One of the most significant accomplishments of the Protestant Reformation was overcoming the monastic understanding of the relations between the life of contemplation (vita contemplativa) and life of action (vita activa). Almost five centuries later, some important segments of Protestant Christianity (especially of the evangelical brand) are still caught in the false dichotomy between the sacred and the secular and are operating with a pre-reformation understanding of the relation between (what they term) spiritual worship and secular work. In the context of the reflection on the Christian understanding of worship, it is important therefore to recall Luther’s rediscovery of the Christian calling to active service of God in the world and to reflect on its biblical roots . . .
Christian worship consists both in obedient service to God and in the joyful praise of God. Both of these elements are brought together in Hebrews 13:15-16, a passage that comes close to giving a definition of Christian worship: “Through Jesus, therefore, let us continually offer to God a sacrifice of praise˜the fruit of lips that confess his name. And do not forget to do good and to share with others, for with such sacrifices God is please.” The sacrifice of praise and the sacrifice of good works are two fundamental aspects of the Christian way of being-in-the-world. They are at the same time the two constitutive elements of Christian worship: authentic Christian worship takes place in a rhythm of adoration and action.
—Miroslav Volf, “Reflections on a Christian Way of Being-in-the-World” in Worship: Adoration and Action, 203, 207
Variety should be encouraged not simply for its own sake but to encourage spiritual vitality and the maturation of the church.
—David G. Peterson, Encountering God Together, 138
Nowhere in the New Testament do we find a detailed report of a Christian gathering indicating how different contributions fitted together and in what order. There are guidelines to follow, but there is no prescriptive pattern of service given to us. The glory of the gospel is to unite peoples of every language and culture under the lordship of Christ (Eph. 2:11-22; 4:3-6,13; Rev. 7:9-17). So we should not be content with divisions created by different musical tastes and traditions. As we grow to maturity in Christ we should be looking for ways to express the unity that is God’s goal for us: in gospel action, in the exchange of ministries and gifts, in combined services and in the sharing of musical resources and experiences.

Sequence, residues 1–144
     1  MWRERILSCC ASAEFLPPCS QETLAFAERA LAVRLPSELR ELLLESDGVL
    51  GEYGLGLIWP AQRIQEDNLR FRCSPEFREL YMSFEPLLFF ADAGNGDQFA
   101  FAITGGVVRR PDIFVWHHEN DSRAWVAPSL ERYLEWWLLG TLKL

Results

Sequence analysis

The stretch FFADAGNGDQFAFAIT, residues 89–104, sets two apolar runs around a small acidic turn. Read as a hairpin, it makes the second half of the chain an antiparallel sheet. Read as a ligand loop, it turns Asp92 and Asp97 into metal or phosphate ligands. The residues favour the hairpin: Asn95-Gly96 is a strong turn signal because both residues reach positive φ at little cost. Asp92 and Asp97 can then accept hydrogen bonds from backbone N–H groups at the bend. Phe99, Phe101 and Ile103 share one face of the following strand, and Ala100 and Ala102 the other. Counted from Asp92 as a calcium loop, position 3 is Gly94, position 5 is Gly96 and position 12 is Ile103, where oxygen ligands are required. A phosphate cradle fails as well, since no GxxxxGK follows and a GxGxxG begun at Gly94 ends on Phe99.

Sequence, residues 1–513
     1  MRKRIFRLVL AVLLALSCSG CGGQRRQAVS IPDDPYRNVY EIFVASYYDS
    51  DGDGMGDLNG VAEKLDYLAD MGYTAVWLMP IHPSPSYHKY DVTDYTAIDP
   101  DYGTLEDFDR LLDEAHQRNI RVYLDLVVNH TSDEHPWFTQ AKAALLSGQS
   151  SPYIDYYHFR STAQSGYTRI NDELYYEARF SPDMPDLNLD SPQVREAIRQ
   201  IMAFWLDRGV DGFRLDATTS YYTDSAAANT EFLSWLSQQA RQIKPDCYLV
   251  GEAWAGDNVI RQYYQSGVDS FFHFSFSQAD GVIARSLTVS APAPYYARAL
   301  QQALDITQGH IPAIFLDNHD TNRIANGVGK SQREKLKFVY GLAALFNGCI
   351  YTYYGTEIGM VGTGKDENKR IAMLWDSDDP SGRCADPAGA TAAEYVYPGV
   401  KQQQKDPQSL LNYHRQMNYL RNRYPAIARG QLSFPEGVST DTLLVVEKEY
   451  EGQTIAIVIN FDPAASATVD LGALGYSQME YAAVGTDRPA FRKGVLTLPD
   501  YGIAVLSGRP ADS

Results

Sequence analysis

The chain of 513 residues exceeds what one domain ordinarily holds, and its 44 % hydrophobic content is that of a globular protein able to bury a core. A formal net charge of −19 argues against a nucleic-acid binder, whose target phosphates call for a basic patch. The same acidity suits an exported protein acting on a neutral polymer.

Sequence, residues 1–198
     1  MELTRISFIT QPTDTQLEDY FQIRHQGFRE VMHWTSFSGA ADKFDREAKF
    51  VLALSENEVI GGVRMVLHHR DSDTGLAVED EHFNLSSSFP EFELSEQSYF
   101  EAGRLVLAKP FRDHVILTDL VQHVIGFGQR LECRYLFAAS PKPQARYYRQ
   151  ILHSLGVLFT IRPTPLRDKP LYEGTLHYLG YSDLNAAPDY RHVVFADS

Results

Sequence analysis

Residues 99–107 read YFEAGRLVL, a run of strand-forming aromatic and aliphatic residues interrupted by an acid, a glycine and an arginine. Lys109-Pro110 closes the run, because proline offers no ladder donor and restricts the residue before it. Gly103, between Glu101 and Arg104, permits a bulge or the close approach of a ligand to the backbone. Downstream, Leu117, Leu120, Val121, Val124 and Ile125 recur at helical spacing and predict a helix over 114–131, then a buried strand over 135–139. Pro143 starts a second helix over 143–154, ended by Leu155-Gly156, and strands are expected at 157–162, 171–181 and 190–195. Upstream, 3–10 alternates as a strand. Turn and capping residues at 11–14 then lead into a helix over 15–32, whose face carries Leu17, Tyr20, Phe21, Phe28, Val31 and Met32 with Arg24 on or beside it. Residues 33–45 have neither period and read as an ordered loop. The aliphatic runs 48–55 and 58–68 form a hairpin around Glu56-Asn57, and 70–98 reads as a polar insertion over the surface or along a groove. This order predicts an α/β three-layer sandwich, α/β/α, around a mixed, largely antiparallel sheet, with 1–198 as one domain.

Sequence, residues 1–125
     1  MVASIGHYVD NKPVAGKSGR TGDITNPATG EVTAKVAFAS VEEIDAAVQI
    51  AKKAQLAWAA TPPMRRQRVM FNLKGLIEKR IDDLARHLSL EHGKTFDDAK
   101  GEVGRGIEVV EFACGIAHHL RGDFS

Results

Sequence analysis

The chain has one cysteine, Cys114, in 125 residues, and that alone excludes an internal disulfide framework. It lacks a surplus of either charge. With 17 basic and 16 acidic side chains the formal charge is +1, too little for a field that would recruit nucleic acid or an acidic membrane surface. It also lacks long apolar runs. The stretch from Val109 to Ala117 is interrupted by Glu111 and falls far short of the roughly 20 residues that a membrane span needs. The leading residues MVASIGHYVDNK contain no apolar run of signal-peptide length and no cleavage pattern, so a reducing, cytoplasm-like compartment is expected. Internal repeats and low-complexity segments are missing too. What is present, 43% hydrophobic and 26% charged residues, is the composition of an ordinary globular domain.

—David G. Peterson, Encountering God Together, 183
Discipleship is thus not simply following the example of Christ, it is formation within Christ, so that we become Christlike. And the context of this formation is the church in all its concrete locatedness and eschatological significance.
—James K. A. Smith, Imagining the Kingdom: How Worship Works, 153
It’s easier to live by rules than by faith in the Lord who rules.
—Robbie F. Castleman, Story Shaped Worship, Following Patterns from the Bible and History, 58
More important than our experience of Christ is the Christ of our experience.
—James B. Torrance, Worship, Community and the Triune God of Grace, 34
It is widely recognized that Revelation provides the church with a theology of history, however what is of great importance for our study is that this theology of history is built around the theme of worship. The action of the Son in shedding his blood to free us from our sins (1:5b) was so that we, the redeemed, would be made “a kingdom, priests to his God and Father, to Him be glory and dominion for ever and ever. Amen.” (1:6) The goal of redemption is worshipful service.
—Noel Due, Created For Worship: From Genesis to Revelation to You, 221